The participants were pupils of two different schools, one primary (Annie, eight years old) and one secondary (Adam, sixteen years old) in the Milton Keynes area. They were identified by the school as children who would be willing to be recorded talking about themselves. All parents from the participants who agreed to take part in the research signed a consent form.
At the beginning of the interview, the interviewers ‘ Kieron Sheehy (who interviewed the eight years old group) and Peter Barnes ( who interviewed the sixteen year old group) ‘ said to the participants that the recording could be stopped at any time if they found themselves saying something that they didn’t wish to be recorded; none did so. They also did a brief introduction to the objective to the ‘talk’, explaining what would happen in the interview.
The interviews took place at the children’s schools, during the school day. The eight year olds interview happened in a building adjacent to their village school, where they regularly went for PE lessons. These children were accompanied by a classroom assistant. The sixteen year olds interview happened in a room opposite to the school’s secretary office.
The interviews took place in May 2005. Apart from the interviewer and the participant, there were a recordist and a producer in the room.
The data collection was carried out within the BPS ethical code and principles.
The research hypothesis is that there is a developmental progression in the view of self. Younger children develop a good understanding of their basic characteristics and their experiences and actions. Later development consists of acquiring more complex understandings of identity.
Category Percentages for Annie Percentages for Adam
Physical 60% 11%
Character 20% 22%
Relationships 20% 22%
Inner – 44%
As can be seem from the table above, the results of the textual analysis in this case are consistent with Rosenberg’s hypothesis. Indeed there is a shift from the Physical observations of self towards the other categories ‘ notably the reflections on inner emotions and the reasons for being a certain way.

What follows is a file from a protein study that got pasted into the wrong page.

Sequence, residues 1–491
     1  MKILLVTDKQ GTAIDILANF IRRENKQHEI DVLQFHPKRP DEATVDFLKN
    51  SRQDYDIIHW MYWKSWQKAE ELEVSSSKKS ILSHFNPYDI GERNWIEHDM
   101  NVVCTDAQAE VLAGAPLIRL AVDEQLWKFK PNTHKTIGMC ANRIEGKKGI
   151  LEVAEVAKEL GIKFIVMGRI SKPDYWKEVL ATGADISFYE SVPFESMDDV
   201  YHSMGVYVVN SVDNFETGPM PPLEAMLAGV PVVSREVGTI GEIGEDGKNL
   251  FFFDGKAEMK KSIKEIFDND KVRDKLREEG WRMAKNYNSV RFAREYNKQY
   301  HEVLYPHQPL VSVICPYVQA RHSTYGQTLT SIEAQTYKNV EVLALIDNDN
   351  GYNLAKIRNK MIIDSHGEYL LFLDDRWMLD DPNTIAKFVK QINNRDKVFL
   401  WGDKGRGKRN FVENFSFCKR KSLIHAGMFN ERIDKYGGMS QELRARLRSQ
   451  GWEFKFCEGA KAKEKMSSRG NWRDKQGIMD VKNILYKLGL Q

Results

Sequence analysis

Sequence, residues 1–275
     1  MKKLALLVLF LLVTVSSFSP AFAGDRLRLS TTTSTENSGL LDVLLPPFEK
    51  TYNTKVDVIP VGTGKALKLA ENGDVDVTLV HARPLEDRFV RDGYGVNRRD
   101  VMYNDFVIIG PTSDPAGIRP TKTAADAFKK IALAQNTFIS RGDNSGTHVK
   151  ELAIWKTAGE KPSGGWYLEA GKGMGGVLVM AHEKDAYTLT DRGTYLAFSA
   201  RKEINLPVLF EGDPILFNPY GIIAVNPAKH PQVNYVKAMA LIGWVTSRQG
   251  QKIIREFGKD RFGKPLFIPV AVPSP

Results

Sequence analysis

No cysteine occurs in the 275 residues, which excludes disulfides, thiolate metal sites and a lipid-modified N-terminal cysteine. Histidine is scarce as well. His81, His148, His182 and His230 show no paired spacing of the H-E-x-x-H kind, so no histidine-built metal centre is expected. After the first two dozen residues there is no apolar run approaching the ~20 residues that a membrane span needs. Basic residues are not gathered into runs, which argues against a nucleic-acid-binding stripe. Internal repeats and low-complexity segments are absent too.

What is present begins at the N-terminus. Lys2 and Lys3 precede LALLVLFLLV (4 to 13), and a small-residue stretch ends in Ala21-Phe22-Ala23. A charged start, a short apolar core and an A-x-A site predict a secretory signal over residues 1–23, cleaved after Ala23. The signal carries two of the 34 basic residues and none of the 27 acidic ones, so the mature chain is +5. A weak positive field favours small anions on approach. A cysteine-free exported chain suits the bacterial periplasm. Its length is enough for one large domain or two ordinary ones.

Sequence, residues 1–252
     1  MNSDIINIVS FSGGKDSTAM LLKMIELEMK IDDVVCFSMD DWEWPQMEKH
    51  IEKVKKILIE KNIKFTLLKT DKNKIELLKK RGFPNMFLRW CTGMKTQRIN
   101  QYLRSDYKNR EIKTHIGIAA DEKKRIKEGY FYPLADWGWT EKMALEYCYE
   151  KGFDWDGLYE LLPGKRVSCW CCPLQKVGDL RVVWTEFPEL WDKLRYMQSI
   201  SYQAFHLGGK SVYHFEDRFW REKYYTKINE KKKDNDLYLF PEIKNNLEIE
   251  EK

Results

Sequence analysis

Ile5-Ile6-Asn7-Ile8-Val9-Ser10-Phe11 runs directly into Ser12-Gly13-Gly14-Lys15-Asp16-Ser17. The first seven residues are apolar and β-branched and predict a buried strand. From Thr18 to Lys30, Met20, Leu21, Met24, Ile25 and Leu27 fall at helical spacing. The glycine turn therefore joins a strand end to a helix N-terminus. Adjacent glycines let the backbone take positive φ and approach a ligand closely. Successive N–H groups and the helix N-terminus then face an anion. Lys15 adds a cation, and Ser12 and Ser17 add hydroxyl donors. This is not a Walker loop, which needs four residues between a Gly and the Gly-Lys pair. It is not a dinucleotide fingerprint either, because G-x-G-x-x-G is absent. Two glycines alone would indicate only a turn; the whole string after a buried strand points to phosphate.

The experimental procedure in this case had a number of shortcomings. The main ones in this case are the lack of a statistically significant number of examples (a whole developmental pathway cannot be reliably inferred from interviews with just two subjects) and the subjective nature of the textual analysis. While the former shortcoming could be overcome by simply increasing the sample size, the latter problem is more subtle and potentially harder to overcome. For example although individual phrases can be categorized, overall sentences may contain multiple phrases with different categorizations, and in this case it is up to the analyst to judge which is the dominant category. Since I was aware of the ages of the children (and indeed it could be inferred from the complexity of their vocabulary) I could inadvertently introduce a bias to confirm or deny the hypothesis. While this potential bias may be soluble for example through the use of multiple analysts and by breaking the text into segments and mixing those from each interviewee prior to analysis, less tractable problems remain. For example it may be that children get better at constructing long and complex sentences as they grow older and that for some reason long sentences are more likely to be categorized as ‘inner’ than shorter ones; in this case the change in categorization would not reflect an evolving sense of self but a growing linguistic ability.
In conclusion this research, despite seeming to support Rozenberg’s developmental model for the sense of identity, lacks statistical significance and may contain biases in the analytical method which make it difficult to infer the underlying reasons for the observed changes in how individuals report their reflections on themselves.